Leading up to the recent settlement we had one comrade building for a new wave of hunger strikes. As this settlement does not address the most important of the 5 Core Demands, ending conditions of isolation for all prisoners, this call remains valid. And while we've always warned comrades to build outside support for such actions, one lesson we can take from California is that such actions must be organized on the inside. Even California Prison Focus, who has been visiting prisoners in the SHU for decades, and who has lawyers with privileged access to their clients, was in the dark during the hunger strikes until the CDCR decided to pull in outside mediators. As always, MIM(Prisons) is committed to supporting the organization of prisoners and fighting to defend the First Amendment rights of prisoners (and ourselves) of speech and association. The ending of a policy that allows the state to torture people for belonging to certain organizations was a blow against the excessively repressive policies of the CDCR in relation to the First Amendment. With this settlement we find California in a similar situation to most of the rest of the country, where torture continues to be the method of choice for population control of the oppressed who do not walk in step with the oppressor.
And so, the struggle continues. Until solitary confinement is abolished, shutting down control units will be a central campaign for MIM(Prisons) and United Struggle from Within.
A Colorado Springs city council will vote to approve a city ordinance that will fine $2500 to all homeless who are found laying or sitting in front of a business. Many who support this claim that it provides better safety for the community and will increase the property values of stores and restaurants in the area.
A few days prior to this the town of Monument, Colorado successfully blocked the building of a methadone clinic in the area, arguing that it would cause a "decrease" in property values and bring a new "wave of crime."
For me, I see this in two ways. Number one, as the richest country on earth, we all still see that basic human needs, such as food, housing and clothing are privileges and one has to choose to engage in the so-called free market to attain these things. The very contradiction in this not withstanding, when one isn't able to have a job, is homeless, begs for food and maybe on drugs, the number one solution is to enforce their way out of it. Place the homeless in jail, that's smart. Let's not develop independent programs that view these homeless as humans that need healing to be a strong part of society.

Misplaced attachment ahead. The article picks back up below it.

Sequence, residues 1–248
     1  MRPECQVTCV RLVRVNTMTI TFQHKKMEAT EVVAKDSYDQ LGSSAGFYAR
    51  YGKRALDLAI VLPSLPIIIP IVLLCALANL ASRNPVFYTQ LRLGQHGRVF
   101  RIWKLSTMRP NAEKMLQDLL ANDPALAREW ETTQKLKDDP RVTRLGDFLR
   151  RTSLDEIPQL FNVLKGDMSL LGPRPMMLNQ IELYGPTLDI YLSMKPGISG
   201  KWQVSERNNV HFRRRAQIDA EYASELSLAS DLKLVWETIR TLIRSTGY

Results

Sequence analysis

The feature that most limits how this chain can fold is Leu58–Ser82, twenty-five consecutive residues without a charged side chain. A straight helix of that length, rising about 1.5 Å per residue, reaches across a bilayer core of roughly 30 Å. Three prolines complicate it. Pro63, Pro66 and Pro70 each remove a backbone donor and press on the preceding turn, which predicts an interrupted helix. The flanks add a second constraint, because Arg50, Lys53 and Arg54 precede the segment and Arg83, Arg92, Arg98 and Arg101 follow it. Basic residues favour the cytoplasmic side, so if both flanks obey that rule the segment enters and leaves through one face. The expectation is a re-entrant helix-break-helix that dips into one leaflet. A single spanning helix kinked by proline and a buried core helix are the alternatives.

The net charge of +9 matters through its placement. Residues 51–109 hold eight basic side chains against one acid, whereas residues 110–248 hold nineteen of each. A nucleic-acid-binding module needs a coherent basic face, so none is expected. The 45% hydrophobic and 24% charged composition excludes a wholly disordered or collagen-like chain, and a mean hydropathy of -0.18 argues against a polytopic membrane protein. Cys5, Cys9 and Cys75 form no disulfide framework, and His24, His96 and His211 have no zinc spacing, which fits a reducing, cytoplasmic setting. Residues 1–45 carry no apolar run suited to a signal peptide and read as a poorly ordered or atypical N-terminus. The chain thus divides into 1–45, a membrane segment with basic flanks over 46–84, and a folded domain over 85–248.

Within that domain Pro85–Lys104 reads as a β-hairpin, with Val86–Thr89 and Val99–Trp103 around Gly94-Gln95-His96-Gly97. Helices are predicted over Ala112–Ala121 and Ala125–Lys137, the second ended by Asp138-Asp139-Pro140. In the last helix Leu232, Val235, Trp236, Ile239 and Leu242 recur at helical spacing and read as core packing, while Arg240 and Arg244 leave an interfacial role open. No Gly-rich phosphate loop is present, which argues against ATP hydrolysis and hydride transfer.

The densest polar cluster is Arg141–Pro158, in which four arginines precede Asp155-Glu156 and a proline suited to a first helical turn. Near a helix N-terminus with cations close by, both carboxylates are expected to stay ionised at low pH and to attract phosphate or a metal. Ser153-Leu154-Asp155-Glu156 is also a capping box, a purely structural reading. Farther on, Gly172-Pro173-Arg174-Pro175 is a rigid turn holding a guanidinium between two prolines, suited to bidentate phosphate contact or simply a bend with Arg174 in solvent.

The methadone clinic run off is a disgrace. Methadone is to help people get off heroine, the fact that a higher crime notion can be spoken of here is a joke. People act like when methadone clinics, or homeless shelters arrive in their communities that a wave of crime will suddenly appear. Why is it easier to jail us, rather than to have compassion and tolerance? Well in a capitalistic based class society, homelessness and addicts are contradictions in the system. Of course they can say that we're lazy, or choose to be this way, but according to economics, we are not choosing anything.
Lastly, social sicknesses can't be blamed upon individuals, and using jails or fines to remove a section of the population will only force that population to move elsewhere. One day these cities in Colorado will have to deal with the homeless as humans, with human and civil rights, until then the class struggle will continue.
MIM(Prisons) adds: This comrade is correct that homelessness and drug addiction are problems of capitalism. Opium (which heroin is made from) addiction was a widespread problem in China before the revolution. The Chinese Communist Party attacked this problem by eliminating the supply and offering people engaged in distribution alternative employment. This approach attacked the problem at its root. And by giving people employment and health care they had both the resources and the incentive to stop using drugs. This communist approach values all humans and sees the potential contribution everyone can make to society, rather than writing off some as the dregs who have no hope for anything better in life.